I'd even had betas read the first chapter and they hadn't caught it, either. Not to say they're not great betas...  I love, love, love my betas! I don't know if I'd notice it, either. Obviously, I don't notice it in my own work. Mary picked out three different paragraphs from my first page where I restated something I'd already said, but in a different way. She said I started the story in a good place, but I'm not trusing the reader to get it.

Hmm.... I said to myself. That mans I have to go back through the entire ms and edit for redundancy alone. Cool. Glad it's apparent to me now. I plan to watch out for it. Also, she mentioned when writing in first person, imagine yourself sitting around a campfire telling a story. Don't use an outside-looking-in approach. In my dialogue I had used the tag:  I said, my voice quiet, determined.

That was her point... that a person would never tell a story like that about themselves, that that is a third person narration technique.

Hopefully, that will help some of you as well. I'll post more on Mary's webinar later next week. I've got a busy day ahead and have our Annual Witch's Ball tonight. Some girlfirends from high shool and I do it every year in costume. This year the theme is "Queens."  So I'm dressing as the White Queen from Wonderland and I'll post pics later.

Any of you have any thoughts on redundancy? Does it plague your work as well? If not, what does?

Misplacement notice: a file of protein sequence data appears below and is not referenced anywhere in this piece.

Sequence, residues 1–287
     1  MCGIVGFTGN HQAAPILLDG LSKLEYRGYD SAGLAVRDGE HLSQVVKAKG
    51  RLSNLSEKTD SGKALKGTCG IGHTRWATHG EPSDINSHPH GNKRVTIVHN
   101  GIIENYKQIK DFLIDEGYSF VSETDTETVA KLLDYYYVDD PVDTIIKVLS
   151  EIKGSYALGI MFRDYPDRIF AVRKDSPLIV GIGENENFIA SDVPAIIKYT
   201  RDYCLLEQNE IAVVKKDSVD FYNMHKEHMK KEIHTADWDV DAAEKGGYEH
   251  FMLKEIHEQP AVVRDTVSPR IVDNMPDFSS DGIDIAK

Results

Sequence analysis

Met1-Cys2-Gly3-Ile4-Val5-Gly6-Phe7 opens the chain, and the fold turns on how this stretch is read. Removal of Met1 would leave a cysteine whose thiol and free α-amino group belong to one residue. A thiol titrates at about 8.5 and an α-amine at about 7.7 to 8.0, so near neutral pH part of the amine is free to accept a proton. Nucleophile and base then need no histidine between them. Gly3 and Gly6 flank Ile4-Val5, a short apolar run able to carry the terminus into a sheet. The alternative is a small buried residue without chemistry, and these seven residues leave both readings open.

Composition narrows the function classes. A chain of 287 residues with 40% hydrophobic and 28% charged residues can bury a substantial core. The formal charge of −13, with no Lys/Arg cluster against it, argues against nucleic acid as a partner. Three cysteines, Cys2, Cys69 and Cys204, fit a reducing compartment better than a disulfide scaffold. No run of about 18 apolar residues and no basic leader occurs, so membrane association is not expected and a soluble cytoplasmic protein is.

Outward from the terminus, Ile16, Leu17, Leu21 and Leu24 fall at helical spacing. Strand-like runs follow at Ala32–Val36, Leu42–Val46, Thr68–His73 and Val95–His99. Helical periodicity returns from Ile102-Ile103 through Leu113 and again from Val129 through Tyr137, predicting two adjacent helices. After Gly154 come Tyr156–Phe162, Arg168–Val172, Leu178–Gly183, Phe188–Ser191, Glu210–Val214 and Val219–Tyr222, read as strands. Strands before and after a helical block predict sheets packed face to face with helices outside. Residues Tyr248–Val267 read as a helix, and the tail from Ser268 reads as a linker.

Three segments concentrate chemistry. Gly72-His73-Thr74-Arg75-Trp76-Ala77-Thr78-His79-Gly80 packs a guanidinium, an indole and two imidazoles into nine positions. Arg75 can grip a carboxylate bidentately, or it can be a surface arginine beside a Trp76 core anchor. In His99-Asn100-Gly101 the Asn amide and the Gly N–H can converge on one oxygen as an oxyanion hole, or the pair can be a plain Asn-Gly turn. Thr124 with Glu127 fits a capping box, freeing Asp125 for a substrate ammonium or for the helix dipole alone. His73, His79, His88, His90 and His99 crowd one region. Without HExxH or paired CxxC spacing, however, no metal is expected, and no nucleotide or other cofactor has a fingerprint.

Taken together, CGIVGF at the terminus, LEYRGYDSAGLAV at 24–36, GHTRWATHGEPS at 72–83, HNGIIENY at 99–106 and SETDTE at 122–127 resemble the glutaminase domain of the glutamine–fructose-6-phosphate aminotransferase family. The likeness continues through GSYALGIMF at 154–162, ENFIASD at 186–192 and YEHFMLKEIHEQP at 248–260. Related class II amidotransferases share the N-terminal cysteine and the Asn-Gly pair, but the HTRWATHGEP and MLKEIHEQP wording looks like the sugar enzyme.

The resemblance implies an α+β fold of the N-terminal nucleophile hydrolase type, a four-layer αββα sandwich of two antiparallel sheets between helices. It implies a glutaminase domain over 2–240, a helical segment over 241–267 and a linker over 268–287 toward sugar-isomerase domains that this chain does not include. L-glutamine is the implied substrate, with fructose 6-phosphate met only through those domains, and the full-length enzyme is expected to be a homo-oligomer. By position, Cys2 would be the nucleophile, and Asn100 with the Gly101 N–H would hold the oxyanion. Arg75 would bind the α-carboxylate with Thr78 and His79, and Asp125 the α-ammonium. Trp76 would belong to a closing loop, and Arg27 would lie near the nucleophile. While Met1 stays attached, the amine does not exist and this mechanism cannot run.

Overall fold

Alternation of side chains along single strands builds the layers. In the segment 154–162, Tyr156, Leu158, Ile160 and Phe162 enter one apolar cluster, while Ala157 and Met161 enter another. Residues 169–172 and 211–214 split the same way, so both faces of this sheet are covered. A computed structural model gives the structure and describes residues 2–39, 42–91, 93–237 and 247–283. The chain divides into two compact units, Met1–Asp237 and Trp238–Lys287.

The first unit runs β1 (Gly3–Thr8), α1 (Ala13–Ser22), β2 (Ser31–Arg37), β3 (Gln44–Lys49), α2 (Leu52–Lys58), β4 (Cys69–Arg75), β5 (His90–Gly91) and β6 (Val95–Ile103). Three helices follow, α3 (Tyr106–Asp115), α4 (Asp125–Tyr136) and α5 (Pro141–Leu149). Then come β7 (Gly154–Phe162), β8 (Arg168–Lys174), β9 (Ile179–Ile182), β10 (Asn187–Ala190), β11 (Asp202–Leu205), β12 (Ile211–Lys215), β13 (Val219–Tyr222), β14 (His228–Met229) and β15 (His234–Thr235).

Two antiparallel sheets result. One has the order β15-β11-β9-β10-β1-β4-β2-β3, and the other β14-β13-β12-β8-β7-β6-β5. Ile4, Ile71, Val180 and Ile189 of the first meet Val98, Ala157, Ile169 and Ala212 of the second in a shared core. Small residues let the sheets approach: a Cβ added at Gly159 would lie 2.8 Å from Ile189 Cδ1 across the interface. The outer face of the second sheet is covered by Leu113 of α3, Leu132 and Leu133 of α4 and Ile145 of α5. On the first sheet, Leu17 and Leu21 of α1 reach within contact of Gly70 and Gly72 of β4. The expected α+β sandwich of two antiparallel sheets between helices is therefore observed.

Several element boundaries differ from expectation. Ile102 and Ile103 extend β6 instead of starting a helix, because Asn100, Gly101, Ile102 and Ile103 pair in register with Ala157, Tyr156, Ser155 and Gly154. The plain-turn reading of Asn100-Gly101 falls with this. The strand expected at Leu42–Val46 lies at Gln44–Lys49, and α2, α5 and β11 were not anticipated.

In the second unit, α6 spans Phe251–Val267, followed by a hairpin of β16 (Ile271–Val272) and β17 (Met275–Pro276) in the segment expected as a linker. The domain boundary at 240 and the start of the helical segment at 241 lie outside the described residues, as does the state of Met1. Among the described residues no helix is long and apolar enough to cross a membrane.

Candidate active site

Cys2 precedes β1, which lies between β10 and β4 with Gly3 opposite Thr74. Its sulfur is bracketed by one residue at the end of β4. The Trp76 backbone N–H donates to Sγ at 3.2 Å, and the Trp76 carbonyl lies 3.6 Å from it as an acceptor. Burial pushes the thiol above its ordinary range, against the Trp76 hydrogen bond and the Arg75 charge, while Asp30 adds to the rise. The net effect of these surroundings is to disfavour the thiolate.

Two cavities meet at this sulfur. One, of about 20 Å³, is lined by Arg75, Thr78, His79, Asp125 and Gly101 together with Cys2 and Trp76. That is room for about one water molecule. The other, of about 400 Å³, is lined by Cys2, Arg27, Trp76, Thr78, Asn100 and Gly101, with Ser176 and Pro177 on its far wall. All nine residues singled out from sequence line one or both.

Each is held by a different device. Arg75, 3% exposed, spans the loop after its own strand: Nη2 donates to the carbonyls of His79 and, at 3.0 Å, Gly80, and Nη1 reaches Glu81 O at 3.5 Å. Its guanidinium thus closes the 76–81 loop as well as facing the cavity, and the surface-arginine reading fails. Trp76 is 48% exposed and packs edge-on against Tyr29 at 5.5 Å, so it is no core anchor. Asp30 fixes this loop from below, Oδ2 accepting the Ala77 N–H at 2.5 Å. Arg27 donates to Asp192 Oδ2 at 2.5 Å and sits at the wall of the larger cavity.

Friday, October 8, 2010

Tweaky Tweaky

Totally been neglecting the blogosphere so I could tweak my ms and synopsis before sending it out again.

Now, I just sit back and wait. No, not really. I've got so much to do. BUT I am officially on staycation for the next week so I vow to catch up on my beta reading. And hopefully, enjoy some more of this incredible weather before locking myslef in doors for NaNoWriMo.

I attended a webinar with kid lit agent Mary Kole a week or so ago, and I plan to do a recap early next week. I also have an author interview coming up with YA author Jennifer Hubbard. So please check back for that great info.

Since today is already shot, I'll be back tomorrow to post on redundancy. An ugly little issue that tends to creep it's way into my writing. When I write, I tend to restate what I've already told the reader. LOL... see what I mean??

Happy Friday! Have a great weekend! Peace and love!

And if you haven't already, join the facebook anti-bullying movement at F.L.O.A.T

http://www.facebook.com/pages/FLOAT/160826343935912

Wednesday, October 6, 2010

F.L.O.A.T.

So my most recent manuscript is called FLOAT. It involves teen bullying and the main character learning to overcome it. She creates a movement to stop bullying called F.L.O.A.T --- For Love Of All Teens.